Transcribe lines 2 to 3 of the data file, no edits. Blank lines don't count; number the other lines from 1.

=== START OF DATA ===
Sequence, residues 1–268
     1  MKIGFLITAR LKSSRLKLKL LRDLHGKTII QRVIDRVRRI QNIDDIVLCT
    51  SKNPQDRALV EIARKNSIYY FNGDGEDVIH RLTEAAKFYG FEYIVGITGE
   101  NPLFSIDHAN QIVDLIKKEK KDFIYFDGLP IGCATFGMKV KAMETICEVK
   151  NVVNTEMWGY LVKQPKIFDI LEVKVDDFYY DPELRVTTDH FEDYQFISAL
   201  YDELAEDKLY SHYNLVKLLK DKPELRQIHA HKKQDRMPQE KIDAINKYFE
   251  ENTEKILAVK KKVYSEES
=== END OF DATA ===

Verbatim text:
     1  MKIGFLITAR LKSSRLKLKL LRDLHGKTII QRVIDRVRRI QNIDDIVLCT
    51  SKNPQDRALV EIARKNSIYY FNGDGEDVIH RLTEAAKFYG FEYIVGITGE